For companies listed on the Nasdaq Global Select or Global Market tiers, each company must have, or explain why it does not have, two diverse directors no later than four calendar years after the approval date. For companies listed on the Nasdaq Capital market tier, each company must have or explain why it does not have two diverse directors no later than five calendars years after the approval date.
In addition, a newly listed company that was not subject previously to a substantially similar requirement of another national securities exchange would be allowed one year from the date of listing to satisfy the diversity requirements.
Impact of the Proposed Rules
The rules, if adopted as proposed, would likely have a significant impact. More than three-quarters of Nasdaq-listed companies would have fallen short of the proposed requirements, according to a recent study conducted by Nasdaq. Although 80% to 90% of companies had at least one female director, only a quarter had a second female director who would satisfy the diversity requirements.
If the rules are adopted, most listed companies that are not currently in compliance with the proposed requirements would likely add diverse directors to bring themselves into compliance, rather than have to explain why they do not meet these minimal diversity requirements.
Nasdaq’s effort to promote diversity is part of the private sector’s increasing focus on ESG factors. For example, BlackRock, State Street Global, and other influential investors have encouraged their portfolio companies to have more female directors, and Goldman Sachs Group stated last year it would no longer underwrite initial public offerings of companies that did not have at least one diverse board member.
So far, only states—for example, California and Washington—have adopted board diversity requirements; however, the SEC under the new Biden administration is expected to move away from its current trend of “principles-based” disclosure, instead adopting specific disclosure mandates, particularly relating to diversity, climate change, and other ESG-related areas.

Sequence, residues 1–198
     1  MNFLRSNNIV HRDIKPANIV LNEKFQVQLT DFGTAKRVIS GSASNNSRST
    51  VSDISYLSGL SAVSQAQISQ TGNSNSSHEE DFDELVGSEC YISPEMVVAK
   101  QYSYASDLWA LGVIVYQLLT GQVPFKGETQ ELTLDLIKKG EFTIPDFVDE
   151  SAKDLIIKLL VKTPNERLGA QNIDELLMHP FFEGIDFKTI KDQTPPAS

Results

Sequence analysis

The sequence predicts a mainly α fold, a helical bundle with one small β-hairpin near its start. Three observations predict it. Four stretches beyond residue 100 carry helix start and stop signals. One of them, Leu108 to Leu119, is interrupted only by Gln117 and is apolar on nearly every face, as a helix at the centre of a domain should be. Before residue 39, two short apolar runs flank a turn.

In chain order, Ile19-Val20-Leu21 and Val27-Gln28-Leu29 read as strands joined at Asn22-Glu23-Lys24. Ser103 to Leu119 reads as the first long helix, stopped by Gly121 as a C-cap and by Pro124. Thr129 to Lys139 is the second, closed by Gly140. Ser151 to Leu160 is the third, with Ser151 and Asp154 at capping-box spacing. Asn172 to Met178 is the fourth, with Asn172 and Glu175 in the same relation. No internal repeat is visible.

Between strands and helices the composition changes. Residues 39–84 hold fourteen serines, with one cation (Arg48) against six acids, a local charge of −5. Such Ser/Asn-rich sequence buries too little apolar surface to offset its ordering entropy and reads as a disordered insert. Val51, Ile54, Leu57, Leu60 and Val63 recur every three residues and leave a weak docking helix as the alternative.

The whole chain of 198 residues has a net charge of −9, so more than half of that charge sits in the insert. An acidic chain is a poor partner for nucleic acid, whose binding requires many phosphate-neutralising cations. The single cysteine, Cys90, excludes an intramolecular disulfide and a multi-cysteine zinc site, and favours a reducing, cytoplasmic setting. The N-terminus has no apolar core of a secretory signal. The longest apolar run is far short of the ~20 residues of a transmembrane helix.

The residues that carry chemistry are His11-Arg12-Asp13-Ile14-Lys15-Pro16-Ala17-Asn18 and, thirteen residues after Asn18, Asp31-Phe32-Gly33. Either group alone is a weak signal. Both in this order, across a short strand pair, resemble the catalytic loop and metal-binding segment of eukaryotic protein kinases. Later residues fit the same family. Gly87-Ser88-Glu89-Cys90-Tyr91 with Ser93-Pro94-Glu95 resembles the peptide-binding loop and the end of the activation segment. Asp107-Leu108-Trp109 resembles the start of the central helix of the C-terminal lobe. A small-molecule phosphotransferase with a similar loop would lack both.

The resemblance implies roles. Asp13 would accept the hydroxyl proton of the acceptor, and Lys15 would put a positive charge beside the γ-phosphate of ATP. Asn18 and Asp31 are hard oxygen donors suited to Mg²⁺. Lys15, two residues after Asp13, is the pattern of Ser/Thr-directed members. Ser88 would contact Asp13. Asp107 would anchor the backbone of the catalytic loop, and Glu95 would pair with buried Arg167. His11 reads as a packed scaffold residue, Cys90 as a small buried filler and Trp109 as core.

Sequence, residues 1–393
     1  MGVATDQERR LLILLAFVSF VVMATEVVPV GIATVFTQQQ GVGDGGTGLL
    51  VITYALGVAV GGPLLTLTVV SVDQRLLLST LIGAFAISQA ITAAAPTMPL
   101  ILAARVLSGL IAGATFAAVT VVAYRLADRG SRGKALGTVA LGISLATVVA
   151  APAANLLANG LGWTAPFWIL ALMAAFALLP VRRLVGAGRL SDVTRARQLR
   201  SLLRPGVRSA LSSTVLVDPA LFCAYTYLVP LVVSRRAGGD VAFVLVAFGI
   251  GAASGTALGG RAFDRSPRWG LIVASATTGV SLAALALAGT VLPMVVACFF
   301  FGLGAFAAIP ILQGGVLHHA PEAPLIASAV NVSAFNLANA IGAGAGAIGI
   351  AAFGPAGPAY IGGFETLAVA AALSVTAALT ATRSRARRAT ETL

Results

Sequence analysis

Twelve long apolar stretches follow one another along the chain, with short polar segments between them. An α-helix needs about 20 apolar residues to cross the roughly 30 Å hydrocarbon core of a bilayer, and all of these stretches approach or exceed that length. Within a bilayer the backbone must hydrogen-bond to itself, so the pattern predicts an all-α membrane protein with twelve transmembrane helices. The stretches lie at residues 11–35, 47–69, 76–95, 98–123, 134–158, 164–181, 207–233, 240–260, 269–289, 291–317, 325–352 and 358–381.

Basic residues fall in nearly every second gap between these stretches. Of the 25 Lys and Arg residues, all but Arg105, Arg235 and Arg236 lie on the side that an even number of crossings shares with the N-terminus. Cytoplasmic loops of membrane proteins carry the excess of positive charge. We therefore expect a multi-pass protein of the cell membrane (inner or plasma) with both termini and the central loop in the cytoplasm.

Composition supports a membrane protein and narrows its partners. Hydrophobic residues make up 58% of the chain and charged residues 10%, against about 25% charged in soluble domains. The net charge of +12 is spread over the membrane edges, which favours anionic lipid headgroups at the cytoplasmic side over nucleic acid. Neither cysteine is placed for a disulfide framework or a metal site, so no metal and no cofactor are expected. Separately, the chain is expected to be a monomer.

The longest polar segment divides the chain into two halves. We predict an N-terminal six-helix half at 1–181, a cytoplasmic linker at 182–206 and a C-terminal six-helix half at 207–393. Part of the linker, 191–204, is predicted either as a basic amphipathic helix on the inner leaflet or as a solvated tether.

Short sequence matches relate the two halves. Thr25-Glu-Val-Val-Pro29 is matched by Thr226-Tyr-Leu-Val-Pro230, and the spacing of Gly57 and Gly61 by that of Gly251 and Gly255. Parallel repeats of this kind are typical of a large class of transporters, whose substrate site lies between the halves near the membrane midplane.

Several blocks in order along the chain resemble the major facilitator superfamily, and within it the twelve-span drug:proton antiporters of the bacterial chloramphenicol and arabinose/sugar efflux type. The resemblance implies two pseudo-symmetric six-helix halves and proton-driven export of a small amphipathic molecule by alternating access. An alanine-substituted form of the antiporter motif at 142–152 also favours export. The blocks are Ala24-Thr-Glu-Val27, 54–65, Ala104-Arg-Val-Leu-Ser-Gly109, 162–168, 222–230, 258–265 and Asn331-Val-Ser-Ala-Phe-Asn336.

Following Nasdaq’s proposal, the SEC is likely to adopt additional measures regarding board diversity and other ESG issues.
This column does not necessarily reflect the opinion of The Bureau of National Affairs, Inc. or its owners.
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Jeffrey S. Hochman is a partner in the Corporate & Financial Services Department at Willkie Farr & Gallagher LLP. He focuses on mergers and acquisitions of public and private companies, public offerings, private equity transactions and general corporate and securities law. He regularly advises boards of directors and executives regarding corporate governance issues and other sensitive matters.
William J. Stellmach, former head of the Department of Justice’s Criminal Division’s Fraud Section, is a partner in Willkie’s Litigation Department in Washington, D.C., and co-chair of the firm’s White-Collar Defense Group. His practice focuses on representing companies, financial institutions and their boards and senior officers in internal and government-facing investigations and enforcement actions, and enhancing compliance programs.
Todd G. Cosenza is a partner in the Litigation Department and vice-chair of Willkie’s Securities Litigation Practice Group in New York, where he focuses on complex financial litigation.
The authors wish to thank Willkie associates Myia Williams and John Brennan for their contributions to the article.